BBC Radio Merseyside Thought for the Day 21/8/2007
This week I'm talking about the idea of Heaven in the Ordinary. But what on earth do we mean by heaven?
The first thing most comedians tell us about heaven is that there's a bloke sitting there at the door. And all our ideas about heaven are connected to the way we see life on earth. That's why we say that in heaven the cooks are French, the policemen are English, the mechanics are German, the lovers are Italian, and the bankers are Swiss; whereas in Hell: the cooks are English, the policemen are German, the mechanics are French, the lovers are Swiss, and the bankers are Italian.
When we picture heaven we tend to see it as a familiar place. When we talk about heaven it's in terms and images we understand - ordinary terms and images. So I take a funeral for a man whose passion was fishing, and his family tell me that they can 'see him now', sitting by that river where there is no pollution and where the catch is always good. So we read the book of Revelation and we notice that the new heaven and the new earth look very familiar: it's Jerusalem, an ordinary city albeit scrubbed-up nicely so that God can live there with the rest of us.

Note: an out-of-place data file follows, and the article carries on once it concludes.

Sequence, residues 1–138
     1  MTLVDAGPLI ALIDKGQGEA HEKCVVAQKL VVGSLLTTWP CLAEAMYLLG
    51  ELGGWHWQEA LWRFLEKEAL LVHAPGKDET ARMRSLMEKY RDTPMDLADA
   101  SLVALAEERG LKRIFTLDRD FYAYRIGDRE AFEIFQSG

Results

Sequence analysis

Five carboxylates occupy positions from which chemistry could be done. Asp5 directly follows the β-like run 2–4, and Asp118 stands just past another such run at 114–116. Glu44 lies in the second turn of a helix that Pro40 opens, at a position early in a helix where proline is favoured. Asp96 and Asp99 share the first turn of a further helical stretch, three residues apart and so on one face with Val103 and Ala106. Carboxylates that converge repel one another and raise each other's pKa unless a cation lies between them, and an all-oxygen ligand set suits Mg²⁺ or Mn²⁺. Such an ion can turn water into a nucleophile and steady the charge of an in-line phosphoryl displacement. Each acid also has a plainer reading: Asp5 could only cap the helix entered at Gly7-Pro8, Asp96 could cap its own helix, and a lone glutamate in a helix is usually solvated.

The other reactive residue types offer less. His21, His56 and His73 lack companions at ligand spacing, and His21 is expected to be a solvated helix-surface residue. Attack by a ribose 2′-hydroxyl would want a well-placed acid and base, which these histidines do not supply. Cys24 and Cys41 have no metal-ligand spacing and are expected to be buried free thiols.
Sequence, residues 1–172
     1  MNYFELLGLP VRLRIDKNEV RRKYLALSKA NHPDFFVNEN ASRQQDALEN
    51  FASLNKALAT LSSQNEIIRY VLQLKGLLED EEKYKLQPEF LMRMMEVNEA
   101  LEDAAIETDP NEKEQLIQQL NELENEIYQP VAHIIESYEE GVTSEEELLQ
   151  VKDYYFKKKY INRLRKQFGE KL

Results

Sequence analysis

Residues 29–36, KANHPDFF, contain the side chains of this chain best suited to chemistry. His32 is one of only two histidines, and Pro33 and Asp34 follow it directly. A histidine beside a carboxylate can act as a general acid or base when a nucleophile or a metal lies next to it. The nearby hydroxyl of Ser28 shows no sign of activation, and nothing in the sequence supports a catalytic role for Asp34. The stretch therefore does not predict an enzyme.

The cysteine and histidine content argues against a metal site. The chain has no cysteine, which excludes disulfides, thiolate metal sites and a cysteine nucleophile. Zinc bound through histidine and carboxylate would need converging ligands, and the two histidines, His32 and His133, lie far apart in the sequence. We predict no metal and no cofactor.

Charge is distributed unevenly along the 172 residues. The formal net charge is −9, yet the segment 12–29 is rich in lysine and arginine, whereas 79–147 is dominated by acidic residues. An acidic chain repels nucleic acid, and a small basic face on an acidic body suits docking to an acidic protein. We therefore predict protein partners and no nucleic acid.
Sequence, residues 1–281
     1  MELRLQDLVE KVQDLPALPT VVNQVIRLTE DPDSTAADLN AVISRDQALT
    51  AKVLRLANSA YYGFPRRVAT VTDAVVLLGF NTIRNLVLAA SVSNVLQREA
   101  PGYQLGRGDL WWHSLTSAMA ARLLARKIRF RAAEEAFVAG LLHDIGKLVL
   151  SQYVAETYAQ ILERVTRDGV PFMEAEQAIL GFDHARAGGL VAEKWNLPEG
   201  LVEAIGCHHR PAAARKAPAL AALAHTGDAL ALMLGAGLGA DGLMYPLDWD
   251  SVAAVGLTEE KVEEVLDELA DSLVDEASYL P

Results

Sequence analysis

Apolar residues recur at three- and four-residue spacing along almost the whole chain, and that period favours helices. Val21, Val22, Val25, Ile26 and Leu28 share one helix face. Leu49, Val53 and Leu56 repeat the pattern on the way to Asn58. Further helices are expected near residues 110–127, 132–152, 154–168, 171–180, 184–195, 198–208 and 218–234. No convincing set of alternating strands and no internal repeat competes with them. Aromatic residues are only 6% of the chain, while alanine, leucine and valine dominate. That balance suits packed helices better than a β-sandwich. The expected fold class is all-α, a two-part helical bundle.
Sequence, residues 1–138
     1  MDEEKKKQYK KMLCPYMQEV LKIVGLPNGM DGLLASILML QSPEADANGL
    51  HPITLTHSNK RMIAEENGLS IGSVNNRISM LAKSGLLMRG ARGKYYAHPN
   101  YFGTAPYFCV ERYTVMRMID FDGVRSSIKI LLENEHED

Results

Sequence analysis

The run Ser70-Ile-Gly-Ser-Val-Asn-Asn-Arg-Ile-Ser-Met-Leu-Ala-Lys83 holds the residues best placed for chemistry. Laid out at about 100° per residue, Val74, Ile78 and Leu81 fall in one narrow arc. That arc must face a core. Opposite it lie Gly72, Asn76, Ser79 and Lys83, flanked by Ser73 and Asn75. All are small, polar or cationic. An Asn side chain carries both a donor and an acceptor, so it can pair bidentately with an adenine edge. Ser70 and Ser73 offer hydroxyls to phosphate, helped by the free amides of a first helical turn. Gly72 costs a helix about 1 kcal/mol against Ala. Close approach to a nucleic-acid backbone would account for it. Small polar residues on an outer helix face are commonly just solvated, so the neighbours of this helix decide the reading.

All of this may help us to understand that there could just be some great wisdom hidden in the simple words of that well known pop song with the chorus, Ooh, baby, do you know what that's worth? Ooh, heaven is a place on earth.